Why has ’nationalist’ violence erupted in Ukraine? Will cities become the war zones of the future? How is the term ‘human rights’ used and abused in times of violent conflict? What role did social media play in the rise and subsequent collapse of the Arab Spring? What are the ethical and political issues associated with the use of drones in zones of conflict - and what impact does this have on the subjects of surveillance? Who defines ‘evil’ and what does ‘doing good’ mean? How do ‘humanitarian wars’ affect the everyday lives of the ‘victims’ they protect?

These are just some of the pressing questions arising from the complex interconnectedness of today’s world. A solution to these questions can only be found through systematic analysis of processes of inclusion and exclusion, mobilization, and collective violence. Addressing these topics properly demands critical reflection on the national and international policies developed to contain, manage, resolve, or transform violent conflict.

Our Master's program in Conflict Studies and Human Rights is a selective, international graduate program combining the study of theory with in-depth case study analysis.

The program focuses on both the dynamics of violent conflicts and the problems associated with national and international military or humanitarian intervention by agencies such as the UN, NATO, or non-governmental organizations.

Judged best in the field

The highly regarded Keuzegids Master’s Selection Guide 2018 ranked Utrecht University’s Conflict Studies and Human Rights program as the best in the field in the Netherlands.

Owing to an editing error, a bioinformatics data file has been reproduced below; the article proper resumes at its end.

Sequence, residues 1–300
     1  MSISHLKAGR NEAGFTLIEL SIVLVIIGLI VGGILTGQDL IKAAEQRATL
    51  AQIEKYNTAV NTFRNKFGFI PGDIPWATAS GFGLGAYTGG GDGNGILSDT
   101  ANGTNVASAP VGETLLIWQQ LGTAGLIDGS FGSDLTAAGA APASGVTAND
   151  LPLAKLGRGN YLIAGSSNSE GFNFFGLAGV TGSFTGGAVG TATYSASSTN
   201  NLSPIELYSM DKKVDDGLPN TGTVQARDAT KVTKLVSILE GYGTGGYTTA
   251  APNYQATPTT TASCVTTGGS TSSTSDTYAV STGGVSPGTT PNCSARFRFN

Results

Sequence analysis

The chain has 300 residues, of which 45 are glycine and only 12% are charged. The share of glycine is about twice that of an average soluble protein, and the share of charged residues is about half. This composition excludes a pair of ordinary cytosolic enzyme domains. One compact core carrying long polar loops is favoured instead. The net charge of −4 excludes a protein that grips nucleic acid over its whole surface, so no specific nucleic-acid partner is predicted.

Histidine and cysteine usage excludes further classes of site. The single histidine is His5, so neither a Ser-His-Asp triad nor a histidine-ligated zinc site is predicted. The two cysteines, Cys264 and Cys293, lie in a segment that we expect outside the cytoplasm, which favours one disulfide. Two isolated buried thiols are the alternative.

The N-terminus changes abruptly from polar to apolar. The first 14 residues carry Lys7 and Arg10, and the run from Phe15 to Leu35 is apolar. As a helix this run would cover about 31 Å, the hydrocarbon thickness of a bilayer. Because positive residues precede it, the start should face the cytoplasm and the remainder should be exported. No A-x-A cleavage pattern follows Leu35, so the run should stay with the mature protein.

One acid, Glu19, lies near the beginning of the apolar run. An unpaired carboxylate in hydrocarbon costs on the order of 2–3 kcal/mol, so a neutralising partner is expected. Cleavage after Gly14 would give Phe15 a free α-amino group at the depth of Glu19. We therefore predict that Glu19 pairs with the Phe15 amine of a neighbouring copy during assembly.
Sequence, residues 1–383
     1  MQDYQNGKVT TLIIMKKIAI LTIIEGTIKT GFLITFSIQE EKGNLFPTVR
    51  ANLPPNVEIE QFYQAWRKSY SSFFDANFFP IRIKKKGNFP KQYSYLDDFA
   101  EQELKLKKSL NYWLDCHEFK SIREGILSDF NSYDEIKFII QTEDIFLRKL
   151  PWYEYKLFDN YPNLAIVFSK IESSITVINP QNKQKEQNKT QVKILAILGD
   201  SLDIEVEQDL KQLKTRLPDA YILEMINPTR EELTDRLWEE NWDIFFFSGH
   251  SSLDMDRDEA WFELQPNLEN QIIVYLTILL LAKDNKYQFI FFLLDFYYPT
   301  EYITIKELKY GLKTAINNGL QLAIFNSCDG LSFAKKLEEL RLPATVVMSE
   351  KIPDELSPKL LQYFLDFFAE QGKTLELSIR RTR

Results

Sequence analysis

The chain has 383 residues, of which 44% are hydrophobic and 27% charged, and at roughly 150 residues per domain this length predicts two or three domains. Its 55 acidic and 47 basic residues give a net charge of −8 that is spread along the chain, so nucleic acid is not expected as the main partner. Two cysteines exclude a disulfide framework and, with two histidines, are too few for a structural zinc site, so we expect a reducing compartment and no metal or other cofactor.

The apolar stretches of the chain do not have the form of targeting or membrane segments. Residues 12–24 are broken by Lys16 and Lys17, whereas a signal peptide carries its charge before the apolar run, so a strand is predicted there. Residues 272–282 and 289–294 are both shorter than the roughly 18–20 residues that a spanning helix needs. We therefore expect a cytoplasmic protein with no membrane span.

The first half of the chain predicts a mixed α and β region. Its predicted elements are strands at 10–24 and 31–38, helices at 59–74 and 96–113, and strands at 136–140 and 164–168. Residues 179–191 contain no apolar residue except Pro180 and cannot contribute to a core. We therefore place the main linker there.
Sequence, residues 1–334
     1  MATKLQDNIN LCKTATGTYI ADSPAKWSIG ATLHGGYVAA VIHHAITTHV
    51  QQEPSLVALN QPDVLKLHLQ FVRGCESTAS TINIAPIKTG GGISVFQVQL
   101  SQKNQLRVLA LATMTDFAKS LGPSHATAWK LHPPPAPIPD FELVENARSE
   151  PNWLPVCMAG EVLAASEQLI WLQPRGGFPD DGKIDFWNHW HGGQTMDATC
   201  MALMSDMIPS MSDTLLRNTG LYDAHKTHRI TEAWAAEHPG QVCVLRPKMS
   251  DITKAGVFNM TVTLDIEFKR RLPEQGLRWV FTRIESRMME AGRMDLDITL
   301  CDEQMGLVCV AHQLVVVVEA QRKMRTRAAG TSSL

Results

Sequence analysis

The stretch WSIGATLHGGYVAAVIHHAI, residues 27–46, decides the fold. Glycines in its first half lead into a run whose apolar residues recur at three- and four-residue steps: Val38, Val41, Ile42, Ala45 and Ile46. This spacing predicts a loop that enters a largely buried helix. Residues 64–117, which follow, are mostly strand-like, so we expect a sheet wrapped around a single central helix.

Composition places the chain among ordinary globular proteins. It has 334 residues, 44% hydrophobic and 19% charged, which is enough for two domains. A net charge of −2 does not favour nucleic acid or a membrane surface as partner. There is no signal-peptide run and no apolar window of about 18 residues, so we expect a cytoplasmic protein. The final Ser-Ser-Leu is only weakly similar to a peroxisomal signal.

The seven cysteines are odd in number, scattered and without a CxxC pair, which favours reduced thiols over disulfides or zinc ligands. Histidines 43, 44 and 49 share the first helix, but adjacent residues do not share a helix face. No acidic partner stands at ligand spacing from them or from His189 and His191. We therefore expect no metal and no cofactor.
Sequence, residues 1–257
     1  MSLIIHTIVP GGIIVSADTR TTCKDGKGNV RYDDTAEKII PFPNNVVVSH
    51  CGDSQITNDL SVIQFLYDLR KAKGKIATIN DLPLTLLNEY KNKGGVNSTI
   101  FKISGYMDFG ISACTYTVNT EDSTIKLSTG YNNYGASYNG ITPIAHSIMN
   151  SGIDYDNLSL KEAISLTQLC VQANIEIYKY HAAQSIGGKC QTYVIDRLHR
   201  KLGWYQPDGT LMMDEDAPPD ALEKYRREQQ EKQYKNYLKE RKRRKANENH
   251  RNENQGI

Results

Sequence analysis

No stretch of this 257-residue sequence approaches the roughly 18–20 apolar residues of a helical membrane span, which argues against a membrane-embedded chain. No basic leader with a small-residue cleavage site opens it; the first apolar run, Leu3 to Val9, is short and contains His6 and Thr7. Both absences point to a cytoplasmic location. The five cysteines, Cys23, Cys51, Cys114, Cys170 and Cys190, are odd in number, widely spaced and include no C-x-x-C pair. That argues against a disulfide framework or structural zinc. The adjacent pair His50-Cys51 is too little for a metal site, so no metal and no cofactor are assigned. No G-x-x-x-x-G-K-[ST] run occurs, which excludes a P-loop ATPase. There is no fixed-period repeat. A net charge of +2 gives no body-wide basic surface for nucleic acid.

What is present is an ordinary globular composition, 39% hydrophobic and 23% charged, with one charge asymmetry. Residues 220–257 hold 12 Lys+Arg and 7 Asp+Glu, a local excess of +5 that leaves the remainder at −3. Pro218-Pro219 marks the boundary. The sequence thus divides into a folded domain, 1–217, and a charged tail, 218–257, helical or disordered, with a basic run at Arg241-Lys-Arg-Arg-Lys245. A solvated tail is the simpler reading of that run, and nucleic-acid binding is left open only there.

In the last edition of the Elsevier Best Studies Survey, students have also rated Conflict Studies as the best program.


The Master's program in Conflict Studies and Human Rights will equip you with the necessary analytical and theoretical skills to engage with global and local challenges in insightful and innovative ways. You will acquire solid theoretical, analytical, and methodological expertise in Conflict Studies and Human Rights, as well as field experience in conflict and post-conflict regions.

You will learn about and develop mastery in three key areas:

  1. Subject knowledge
    You will gain in-depth knowledge of theoretical approaches to understanding and explaining contemporary conflict and human rights. You will also obtain a general understanding of international policy approaches to contemporary conflict and human rights, as well as an understanding of the political contexts in which they are used.
  2. Evidence-based social research
    You will learn to undertake research that consists of systematic analysis and synthesis and is based on a dialogue between ideas and evidence. In the course of this dialogue, you will be able to identify “sensitising concepts” from theory to facilitate your data collection. You will also use theory to gain an understanding of the evidence you gather and to explain your findings.
  3. Critical attitude towards received wisdom
    You will have the conceptual and analytical skills necessary to question conventional ideas and accepted courses of action while defining your own viewpoint. You will also be able to assess the problem of violent conflict and human rights by considering interrelated issues of identity, perception, discourse, and practice.

In your program, you will have the opportunity to actively work on your career development.